Tuesday, November 17, 2009

THE HIDEOUS SUN DEMON: Be sure to wear sun tan lotion!

By Steve D. Stones

I have to admit that The Hideous Sun Demon is my favorite low budget
monster movie of the 1950s. I would have loved to see this film on a
drive-in movie screen in the late 1950s. It would be even more
interesting to have seen it on a double bill with another Robert Clarke
film, such as The Man From Planet X, The Astounding She Monster or
Beyond The Time Barrier. Clarke starred in The Astounding She Monster
just a year before he directed and starred in The Hideous Sun Demon. He
took some of his profits from She Monster and invested them into this

In his autobiography “Robert Clarke: To B or Not to B: A Film Actor’s
Odyssey,” Clarke mentions that he had a desire to create a film similar
to the Robert Louis Stevenson story Dr. Jekyll & Mr. Hyde. He was
impressed with Dr. Jekyll & Mr. Hyde while seeing it in a movie theater
at the age of 12. He wanted to create a film that would have much more
substance than The Astounding She Monster.

Viewing The Hideous Sun Demon, it is easy to see some of the
similarities of the Stevenson classic. One major difference is that
Clarke’s character, Dr. Gilbert McKenna, is a victim of an atomic
experiment gone wrong. Dr. Jekyll willingly conducts experiments on
himself to understand the duality of good versus evil in every man’s
soul. Plus, Clarke’s character has a conscience of not wanting to kill
innocent victims.

After his transformation of the Sun Demon and back to Dr. McKenna,
McKenna expresses a deep regret for his murder victims. In his own mind,
he is a victim himself, and has no desire to want to commit murders
while he is in the normal state of being Dr. McKenna. While in a
transformed state of being the Sun Demon, McKenna cannot control his
murderous desires.

What makes The Hideous Sun Demon so appealing to me is the unique Sun Demon costume worn by Clarke. It is a truly unique and frightful
costume. Clarke claims to have paid $500.00 for the costume. Like Dr.
Jekyll & Mr. Hyde, Clarke transforms into the Sun Demon while wearing
his everyday clothes. Many of the production stills taken for the film
show Clarke’s trousers drenched in the front and back. This is because
the actor was sweating heavily from the heat of the costume.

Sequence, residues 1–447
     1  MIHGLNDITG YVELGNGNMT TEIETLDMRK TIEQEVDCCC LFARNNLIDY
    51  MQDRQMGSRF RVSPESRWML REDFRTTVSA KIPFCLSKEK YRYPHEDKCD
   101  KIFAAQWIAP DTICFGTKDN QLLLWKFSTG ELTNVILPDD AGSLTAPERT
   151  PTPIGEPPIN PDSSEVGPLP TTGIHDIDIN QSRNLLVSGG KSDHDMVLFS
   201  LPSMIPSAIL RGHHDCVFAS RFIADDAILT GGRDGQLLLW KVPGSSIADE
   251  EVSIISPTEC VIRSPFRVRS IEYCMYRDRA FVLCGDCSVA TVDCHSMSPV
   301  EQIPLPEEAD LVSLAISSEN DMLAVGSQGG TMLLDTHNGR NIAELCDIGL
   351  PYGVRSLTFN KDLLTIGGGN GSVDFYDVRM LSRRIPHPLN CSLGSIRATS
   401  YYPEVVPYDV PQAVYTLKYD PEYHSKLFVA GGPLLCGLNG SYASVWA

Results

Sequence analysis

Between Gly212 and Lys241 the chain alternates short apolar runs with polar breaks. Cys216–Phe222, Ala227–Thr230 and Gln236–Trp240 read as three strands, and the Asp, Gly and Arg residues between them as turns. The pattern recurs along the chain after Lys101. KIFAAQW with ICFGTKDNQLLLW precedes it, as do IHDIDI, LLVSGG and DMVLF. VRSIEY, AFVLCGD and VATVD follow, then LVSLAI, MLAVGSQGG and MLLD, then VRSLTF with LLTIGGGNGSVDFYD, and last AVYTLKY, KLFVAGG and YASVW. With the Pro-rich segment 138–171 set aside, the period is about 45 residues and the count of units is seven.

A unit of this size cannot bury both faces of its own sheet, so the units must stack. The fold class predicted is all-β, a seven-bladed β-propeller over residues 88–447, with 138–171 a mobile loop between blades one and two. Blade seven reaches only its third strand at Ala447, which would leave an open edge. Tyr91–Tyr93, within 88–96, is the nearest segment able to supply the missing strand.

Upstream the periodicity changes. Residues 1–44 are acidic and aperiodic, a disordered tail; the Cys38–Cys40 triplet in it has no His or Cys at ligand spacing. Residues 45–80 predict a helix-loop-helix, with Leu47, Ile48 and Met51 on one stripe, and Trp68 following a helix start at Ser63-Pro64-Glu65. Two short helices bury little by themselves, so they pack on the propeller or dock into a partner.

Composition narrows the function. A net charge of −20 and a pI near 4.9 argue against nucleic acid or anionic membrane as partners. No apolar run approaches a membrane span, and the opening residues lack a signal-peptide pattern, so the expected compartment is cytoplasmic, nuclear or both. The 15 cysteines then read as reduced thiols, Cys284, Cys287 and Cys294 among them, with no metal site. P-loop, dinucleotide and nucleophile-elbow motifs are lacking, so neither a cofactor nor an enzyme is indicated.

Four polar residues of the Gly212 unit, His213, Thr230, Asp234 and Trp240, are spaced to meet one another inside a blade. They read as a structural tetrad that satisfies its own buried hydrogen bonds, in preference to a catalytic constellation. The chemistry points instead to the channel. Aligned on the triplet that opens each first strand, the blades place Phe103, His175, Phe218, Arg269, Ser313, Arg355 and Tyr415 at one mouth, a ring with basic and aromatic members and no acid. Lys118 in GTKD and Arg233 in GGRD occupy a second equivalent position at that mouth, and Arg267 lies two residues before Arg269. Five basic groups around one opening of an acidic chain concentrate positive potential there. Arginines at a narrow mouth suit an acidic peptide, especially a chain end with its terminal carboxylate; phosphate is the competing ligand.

Nevertheless, it adds uniqueness to the creature and makes it more
believable, in my opinion.

Another unique element of Sun Demon is the timeless theme of beauty and
the beast. Clarke cast busty blonde Nan Peterson, star of Louisiana
Hussy, as a beautiful nightclub singer that Dr. McKenna becomes
infatuated with. McKenna falls in love with her, but he knows his love
cannot last because of his condition. After a lustful night on the
beach with the girl, McKenna abandons her as the sun comes up to
transform him into the Sun Demon.

There is even a love triangle aspect to The Hideous Sun Demon. Dr.
McKenna works in his laboratory with a pretty young brunette named Ann
Lansing, played by Patricia Manning. In one particular scene, McKenna
hides in the cellar of his basement after returning from a murder spree
as the Sun Demon. Lansing confronts him in the cellar. She expresses her
concern and care for McKenna, but he rejects her sympathies for him. She
goes on to say that she loves McKenna and wants to find help for him.

Perhaps the most touching and sentimental scene of the film is when
McKenna once again is confronted in a hiding place, only this time by a
five year old girl in a 50s poodle skirt. McKenna is being pursued by
local police, and hides in a mill near the little girl’s home. She
offers to bring him cookies and decides to be his friend. This is the
most touching scene of the film.

The little girl rushes home to steal some cookies to give to McKenna. Her mother discovers she is about to take the cookies to McKenna, so she calls the local police. McKenna flees the mill and immediately transforms into the Sun Demon.

McKenna is chased to the top of a giant gas tank, where he meets his
death as a policeman shoots him and he falls to the ground. This scene
is not unlike the ending of well-known monster movies, such as
Frankenstein and The Phantom of The Opera, in which the local
townspeople chase the monster and he meets a violent death, only in this
case it’s the local police who chase the monster.

Some critics suggest that the formula of The Hideous Sun Demon does not
work because the Sun Demon can only transform into the monster in the
sunlight, unlike other monsters, such as The Wolf Man and Dracula, who
lurk in the dark. I disagree with this assessment of Sun Demon. A
monster who lurks in the dark is certainly much more scarier than one
which is out in the daylight, but The Hideous Sun Demon is not
attempting to surprise or scare the audience in the same way that
creatures of the dark are known to do.

The Hideous Sun Demon is the result of atomic radiation, so he is a
victim of his environment, and not a product of the undead coming back
to life, such as a zombie or a vampire. He is also not a product of
several parts of a corpse being assembled together, such as
Frankenstein’s monster, so he is not intended to be a monster of
experimentation. This is what makes the Sun Demon a unique creature and
interesting film.

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